- My aunt and uncle use an unofficial credit system to ease Delivery for frequent customers, putting a card with their name on it in a box near the register; if you are on a ride and need a tube, but are out of cash…no problem.
So the outcome for this final piece is to pick the variable most aligned with what the community wants, and improve it in some obvious way. These are your initiatives, and you should work with your partners and internal resources to get them done.
And unless you’re the owner of a small business, you’ll probably need to use the outcomes of Identification, Evaluation and Objectives to substantiate your decision in financial terms, but that should be easy at this point.
Onward and upward from there!
More tomorrow, but thanks to all y’all so far for your comments and thoughts. I’ll be including them in the final output of this, on Friday, which I think will be a whitepaper of sorts. If you’re cool with it, I’ll include your quotes, name, and a URL of your choice in the document. I think it’ll be cool.
Part two of five in a series about loyalty. Breaking it down! Come back tomorrow, yes? – Clay
One of the big, important pieces of my approach to marketing strategy (more on that next week) is a belief that brands should do really amazing things for people. This can take the form of a delightful piece of short-format cinema, or it could be some interesting interconnected system of digital things.
But if we’re talking about things on the internet – and what doesn’t fall into that category in some way? – ultimately those things should be designed to create action. But like most things that reverberate in the strategy twittersphere, “designed to create action” is pretty easy to agree to.
It’s the “How?” question that’s really difficult to answer.
Our dear leader, Aaron, has a great book on getting people to do things that they might not necessarily want to do, or that they don’t have the skills to do on their own. I’ve seen this done exceptionally well, but it’s definitely an advanced move.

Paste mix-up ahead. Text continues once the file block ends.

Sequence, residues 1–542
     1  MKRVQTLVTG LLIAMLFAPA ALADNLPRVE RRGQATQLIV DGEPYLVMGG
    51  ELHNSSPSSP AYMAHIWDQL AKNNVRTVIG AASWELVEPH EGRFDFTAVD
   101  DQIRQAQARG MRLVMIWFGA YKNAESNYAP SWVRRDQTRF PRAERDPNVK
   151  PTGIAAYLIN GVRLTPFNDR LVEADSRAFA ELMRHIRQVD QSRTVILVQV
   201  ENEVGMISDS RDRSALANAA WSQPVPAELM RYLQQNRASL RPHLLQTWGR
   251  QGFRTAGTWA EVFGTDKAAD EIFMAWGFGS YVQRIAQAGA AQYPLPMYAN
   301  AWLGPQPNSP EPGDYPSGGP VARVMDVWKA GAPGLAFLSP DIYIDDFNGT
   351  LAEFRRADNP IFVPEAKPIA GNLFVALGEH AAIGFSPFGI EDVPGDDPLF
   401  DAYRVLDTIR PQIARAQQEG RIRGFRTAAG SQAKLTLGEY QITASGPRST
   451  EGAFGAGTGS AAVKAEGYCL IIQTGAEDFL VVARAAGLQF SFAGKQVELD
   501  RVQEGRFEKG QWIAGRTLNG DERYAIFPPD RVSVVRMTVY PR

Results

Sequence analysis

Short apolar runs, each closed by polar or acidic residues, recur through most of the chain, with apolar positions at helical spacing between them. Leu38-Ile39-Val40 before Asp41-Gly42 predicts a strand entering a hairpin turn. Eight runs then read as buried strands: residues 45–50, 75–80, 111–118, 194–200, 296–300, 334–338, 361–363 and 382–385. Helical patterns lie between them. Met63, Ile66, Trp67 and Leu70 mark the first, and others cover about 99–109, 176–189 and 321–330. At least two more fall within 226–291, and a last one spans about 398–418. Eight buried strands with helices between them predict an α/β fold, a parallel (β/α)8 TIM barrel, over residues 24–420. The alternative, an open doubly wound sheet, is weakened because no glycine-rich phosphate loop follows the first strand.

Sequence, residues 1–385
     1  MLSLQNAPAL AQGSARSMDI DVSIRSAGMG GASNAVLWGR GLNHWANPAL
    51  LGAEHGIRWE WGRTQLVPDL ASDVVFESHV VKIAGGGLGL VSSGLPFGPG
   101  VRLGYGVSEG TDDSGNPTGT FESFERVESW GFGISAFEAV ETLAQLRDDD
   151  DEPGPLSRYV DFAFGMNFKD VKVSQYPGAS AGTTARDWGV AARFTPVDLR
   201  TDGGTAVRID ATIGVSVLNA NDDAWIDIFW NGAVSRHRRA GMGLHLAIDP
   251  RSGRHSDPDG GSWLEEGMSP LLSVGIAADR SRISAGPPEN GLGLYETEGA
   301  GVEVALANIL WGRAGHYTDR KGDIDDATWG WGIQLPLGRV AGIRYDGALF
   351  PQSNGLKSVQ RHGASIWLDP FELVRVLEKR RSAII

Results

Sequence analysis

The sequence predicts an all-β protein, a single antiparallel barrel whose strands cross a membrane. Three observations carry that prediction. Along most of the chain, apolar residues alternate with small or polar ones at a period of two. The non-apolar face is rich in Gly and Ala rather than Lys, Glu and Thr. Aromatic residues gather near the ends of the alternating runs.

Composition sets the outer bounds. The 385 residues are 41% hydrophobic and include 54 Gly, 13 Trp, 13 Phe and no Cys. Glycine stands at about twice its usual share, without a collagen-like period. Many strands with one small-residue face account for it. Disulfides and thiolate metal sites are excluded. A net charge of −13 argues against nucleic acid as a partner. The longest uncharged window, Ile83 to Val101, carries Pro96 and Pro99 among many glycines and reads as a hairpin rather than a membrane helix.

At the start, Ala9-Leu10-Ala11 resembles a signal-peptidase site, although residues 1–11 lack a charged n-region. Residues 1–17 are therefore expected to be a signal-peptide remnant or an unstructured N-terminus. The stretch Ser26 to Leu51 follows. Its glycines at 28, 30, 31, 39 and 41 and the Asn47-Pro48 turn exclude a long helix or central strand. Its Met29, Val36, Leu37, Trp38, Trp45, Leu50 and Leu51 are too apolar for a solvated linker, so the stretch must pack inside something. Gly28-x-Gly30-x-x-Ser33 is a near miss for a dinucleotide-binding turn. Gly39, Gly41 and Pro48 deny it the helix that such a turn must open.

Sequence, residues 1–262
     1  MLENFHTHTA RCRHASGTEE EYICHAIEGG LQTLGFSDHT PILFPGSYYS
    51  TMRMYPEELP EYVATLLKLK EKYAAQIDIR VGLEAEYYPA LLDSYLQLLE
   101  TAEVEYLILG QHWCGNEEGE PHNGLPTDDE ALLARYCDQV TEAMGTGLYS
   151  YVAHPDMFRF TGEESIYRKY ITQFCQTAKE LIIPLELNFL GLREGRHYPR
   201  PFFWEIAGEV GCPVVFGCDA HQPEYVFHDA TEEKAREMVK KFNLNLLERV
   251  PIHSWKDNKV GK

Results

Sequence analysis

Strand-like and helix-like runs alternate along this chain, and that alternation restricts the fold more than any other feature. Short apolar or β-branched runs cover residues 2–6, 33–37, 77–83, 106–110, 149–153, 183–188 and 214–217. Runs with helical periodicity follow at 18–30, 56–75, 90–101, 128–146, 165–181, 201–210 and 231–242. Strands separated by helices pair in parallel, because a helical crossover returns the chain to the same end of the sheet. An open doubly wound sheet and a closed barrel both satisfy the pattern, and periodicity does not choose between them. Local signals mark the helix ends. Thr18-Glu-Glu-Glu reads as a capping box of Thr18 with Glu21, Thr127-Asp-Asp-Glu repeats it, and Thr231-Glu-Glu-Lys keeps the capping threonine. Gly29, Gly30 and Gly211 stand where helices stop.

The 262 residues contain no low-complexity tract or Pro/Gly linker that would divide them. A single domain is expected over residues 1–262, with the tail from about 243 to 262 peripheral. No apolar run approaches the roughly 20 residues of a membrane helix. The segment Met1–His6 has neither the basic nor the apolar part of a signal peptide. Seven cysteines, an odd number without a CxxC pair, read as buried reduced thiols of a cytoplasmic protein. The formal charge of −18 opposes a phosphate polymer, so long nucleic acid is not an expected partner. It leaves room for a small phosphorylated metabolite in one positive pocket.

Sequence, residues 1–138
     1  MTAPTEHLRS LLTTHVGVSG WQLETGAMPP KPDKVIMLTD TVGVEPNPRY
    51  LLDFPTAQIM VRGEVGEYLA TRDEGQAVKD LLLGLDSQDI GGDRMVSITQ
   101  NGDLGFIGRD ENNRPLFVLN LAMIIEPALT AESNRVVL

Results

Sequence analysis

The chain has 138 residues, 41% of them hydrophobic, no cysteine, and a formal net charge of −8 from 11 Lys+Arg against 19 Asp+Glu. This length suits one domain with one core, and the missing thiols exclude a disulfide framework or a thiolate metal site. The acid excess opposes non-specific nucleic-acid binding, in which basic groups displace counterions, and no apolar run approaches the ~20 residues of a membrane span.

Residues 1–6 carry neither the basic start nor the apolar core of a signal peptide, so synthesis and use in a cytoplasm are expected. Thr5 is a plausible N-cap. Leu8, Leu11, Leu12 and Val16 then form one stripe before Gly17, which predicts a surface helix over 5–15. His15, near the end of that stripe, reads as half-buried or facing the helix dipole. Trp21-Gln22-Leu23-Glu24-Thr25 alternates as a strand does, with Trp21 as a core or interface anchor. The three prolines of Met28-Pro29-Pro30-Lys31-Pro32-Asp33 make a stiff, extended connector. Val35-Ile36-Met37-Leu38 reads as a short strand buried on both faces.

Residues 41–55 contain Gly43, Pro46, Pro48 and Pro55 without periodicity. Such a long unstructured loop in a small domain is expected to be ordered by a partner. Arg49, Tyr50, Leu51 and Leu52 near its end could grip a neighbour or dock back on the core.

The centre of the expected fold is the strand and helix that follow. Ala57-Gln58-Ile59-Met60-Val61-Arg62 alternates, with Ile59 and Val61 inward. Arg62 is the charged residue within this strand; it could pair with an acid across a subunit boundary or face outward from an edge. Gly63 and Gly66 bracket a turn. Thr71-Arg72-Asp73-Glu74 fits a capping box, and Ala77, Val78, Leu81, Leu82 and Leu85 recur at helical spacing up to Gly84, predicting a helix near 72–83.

In my experience, success comes from aligning the thing you want people to do with something people are already doing. For me, it’s the easy pickings, the foundation upon which everyone should be building.
Sidebar: Ad Spending
To that end, I’ll never recommend buying an ad on a site where people just read shit, even if that shit is wonderful, engaging and superbly written shit. If it’s a place where people go to DO things? Yeah, give them all your (ad) money.
Last year, my delightful and brilliant colleague Mike Arauz put together something he called the Community-Centered Collective Action Design Framework (CCCADF?), a synthesis of the following:
These four things are why people “play”, but in my mind, they’re why people do anything they don’t have to do. We use this all the time. Mix one part of the above with…
Click the image to enlarge.
The Collective Action Design framework is, to me, the fundamental tool that strategists should use to test and validate their recommendations when those recommendations hinge on creating action in a group of people. Nice work, Mike.
It’s pretty straightforward to use: do your homework, and fill in all the bubbles.
Sidebar: Interest vs. Demographic Groups
Demographics and psychographics are tough. I’m not sure they do much of anything in the digital world. So when it comes to answering the “who” question, work on defining the thing that holds the community together. On the internet, “Who” is defined by interest and nothing else.
Need a glossary? Here you go, stolen from Mike’s post on the topic:
What is the shared interest that brings these people together and defines their collective identity? (Hint: the answer is not “our brand”)
What is an aspect of our world that this community would be inspired to help change? (Hint: it can be big or small, as long as it’s a specific outcome that is inspiring to the community)